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Why are we wasting so much food?

  • t

Our local markets here in New Orleans throw away so much food every day it is a crime. What ever happened to day old bread, when nearly every market these days has an in house bakery. Why does a bruised piece of fruit get tossed in the trash instead of discounted for consumer consumption. Same with cheese, a little green on a corner, that can easily be trimmed off, is tossed away. With all the hunger that is taking place in our country, and all the hard times people are experiencing, does it not seem immoral to throw away so much food.
And the same goes for restaurants.
Why are these foods not given to soup kitchens, marked down or frozen for resale, stale bread turned into bread crumbs, bread pudding. The possibilities are endless.

Any ideas as to how to make this happen?

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  1. eliminate lawyers.....

    Seriously though, I used to have a side business selling food products @ special events and flea markets. Some of the items we specialized in was fresh baked goods,and breads. I was also had a partner who had access to Drake's Cakes and Entenmann's products that were pulled off the shelf with a week remaining on the *sell by* date. . Originally, we used to donate the unsold items to soup kitchens, but they became too demanding and special requests.

    http://chowhound.chow.com/topics/6739...

    2 Replies
    1. re: fourunder

      So you are saying lawyers stand in the way of selling day old bread at a discount or slightly over ripe fruit . Throwing it away is legally more prudent.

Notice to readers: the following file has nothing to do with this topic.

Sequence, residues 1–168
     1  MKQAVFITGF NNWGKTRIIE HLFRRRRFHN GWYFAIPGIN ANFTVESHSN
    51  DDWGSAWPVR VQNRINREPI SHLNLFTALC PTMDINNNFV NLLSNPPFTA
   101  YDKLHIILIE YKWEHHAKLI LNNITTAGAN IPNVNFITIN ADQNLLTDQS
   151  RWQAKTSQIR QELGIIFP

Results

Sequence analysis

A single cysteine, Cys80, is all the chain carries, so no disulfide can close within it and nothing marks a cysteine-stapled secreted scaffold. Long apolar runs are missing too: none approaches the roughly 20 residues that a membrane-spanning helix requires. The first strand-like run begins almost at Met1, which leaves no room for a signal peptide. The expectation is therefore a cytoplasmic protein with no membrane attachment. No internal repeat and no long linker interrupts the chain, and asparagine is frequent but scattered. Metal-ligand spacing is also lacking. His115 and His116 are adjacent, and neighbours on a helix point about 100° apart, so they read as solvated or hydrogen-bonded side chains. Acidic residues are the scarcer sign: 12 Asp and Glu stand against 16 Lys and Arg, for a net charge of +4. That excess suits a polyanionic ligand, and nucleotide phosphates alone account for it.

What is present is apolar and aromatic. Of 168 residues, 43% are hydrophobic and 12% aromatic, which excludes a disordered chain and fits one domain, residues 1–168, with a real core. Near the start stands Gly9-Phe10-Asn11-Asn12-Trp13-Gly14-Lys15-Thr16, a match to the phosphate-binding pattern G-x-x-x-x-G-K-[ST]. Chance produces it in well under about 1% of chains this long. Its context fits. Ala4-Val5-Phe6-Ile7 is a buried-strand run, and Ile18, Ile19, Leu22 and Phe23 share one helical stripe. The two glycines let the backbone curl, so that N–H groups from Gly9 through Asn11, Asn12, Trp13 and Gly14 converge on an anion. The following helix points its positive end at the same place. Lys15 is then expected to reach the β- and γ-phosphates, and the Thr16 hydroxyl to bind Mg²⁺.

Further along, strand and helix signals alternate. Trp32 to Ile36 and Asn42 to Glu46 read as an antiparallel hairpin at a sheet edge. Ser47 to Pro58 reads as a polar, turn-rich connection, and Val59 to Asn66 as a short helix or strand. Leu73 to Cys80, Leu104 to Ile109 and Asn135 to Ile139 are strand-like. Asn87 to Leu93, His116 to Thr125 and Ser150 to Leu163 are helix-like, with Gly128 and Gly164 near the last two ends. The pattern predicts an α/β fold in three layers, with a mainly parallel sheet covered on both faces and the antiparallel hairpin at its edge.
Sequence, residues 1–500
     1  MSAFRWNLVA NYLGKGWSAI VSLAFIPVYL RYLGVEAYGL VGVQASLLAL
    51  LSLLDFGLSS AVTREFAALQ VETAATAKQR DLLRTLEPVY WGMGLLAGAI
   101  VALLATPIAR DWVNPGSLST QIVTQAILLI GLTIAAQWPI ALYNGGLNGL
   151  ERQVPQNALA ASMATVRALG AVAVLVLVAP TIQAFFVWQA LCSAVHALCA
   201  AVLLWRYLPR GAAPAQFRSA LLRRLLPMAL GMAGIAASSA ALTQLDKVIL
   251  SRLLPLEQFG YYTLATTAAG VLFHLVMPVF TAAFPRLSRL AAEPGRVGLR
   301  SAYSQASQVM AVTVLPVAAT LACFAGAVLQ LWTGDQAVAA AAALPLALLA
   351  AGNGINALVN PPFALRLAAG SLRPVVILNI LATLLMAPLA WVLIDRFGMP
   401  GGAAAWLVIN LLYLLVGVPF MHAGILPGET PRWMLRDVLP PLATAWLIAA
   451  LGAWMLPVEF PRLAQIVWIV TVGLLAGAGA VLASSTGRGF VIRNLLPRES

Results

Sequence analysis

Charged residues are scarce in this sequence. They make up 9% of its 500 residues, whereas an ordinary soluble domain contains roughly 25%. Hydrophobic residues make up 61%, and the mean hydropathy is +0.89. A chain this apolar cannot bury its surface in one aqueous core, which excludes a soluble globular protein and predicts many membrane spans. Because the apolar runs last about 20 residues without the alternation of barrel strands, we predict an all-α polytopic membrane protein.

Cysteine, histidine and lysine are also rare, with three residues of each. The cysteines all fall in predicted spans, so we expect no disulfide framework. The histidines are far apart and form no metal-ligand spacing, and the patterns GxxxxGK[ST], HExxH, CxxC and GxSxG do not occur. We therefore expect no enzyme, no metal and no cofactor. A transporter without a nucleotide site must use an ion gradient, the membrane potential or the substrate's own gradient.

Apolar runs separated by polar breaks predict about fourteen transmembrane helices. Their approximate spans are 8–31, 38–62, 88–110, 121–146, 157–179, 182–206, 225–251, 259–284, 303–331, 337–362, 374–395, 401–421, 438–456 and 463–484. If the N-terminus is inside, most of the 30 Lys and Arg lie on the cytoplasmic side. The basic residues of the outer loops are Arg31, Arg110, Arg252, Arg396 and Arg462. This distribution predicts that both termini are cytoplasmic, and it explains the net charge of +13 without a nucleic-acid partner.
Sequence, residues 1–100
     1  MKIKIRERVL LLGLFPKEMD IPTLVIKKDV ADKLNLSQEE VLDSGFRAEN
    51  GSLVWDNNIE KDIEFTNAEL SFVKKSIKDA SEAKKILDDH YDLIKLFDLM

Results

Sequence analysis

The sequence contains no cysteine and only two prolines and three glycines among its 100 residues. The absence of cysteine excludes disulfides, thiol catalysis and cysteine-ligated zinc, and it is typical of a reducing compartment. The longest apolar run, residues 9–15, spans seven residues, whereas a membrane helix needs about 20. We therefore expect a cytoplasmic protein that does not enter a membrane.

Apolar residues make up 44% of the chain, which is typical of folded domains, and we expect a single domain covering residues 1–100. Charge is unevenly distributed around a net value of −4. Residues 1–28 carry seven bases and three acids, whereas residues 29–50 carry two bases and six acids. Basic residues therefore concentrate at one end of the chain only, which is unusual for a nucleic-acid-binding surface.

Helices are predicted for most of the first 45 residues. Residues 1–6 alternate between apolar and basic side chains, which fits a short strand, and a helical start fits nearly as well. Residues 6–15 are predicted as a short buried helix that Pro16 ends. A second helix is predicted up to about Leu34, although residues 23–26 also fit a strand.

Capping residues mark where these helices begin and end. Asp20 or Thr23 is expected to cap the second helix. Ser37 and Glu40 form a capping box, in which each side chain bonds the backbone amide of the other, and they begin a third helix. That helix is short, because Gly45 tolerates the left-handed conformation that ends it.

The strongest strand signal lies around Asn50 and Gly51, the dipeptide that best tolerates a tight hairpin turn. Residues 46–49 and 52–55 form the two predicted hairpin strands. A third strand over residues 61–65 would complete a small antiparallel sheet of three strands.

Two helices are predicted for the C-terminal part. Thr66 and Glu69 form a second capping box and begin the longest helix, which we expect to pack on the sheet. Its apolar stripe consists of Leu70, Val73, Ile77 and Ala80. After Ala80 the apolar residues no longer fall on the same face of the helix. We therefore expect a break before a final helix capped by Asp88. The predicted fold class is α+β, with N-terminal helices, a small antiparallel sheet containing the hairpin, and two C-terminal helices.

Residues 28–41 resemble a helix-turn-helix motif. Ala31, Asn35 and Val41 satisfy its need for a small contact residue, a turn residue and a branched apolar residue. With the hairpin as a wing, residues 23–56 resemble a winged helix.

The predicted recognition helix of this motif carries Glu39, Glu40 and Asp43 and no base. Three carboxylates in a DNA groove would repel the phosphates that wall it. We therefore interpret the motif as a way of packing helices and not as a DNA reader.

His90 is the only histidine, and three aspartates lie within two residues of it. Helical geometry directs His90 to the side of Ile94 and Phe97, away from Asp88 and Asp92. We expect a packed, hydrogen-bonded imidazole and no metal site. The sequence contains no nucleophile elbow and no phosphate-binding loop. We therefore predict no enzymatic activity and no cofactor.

One of my stores does sell "yesterdays grind" of ground beef at a discount. Is that illegal?

      1. re: Tonto

        Why are these foods not given to soup kitchens......

        Whether true or not, If anyone makes a claim that they have eaten something and it made them sick.....it's not worth the trouble of having to defend yourself. Whether you provided the food in question, or not,......lawyers will name you and everyone else who donated or sold food items found in their pantries in any action seeking compensation.

    2. I volunteer at a community center that passes out food. They're short of volunteers who will pick up food from stores/markets and the stores don't have the personnel to deliver it. Home made food is another matter and they can't pass that out. But, if you have the time, ask the local food pantries if you can help them out. FWIW, with all the preservatives in bread, they last far longer than the sell by date and our pantry has far more bread than it can use. There are days when boxfuls of bread are thrown out, as sad as it is to see.

      3 Replies
      1. re: chowser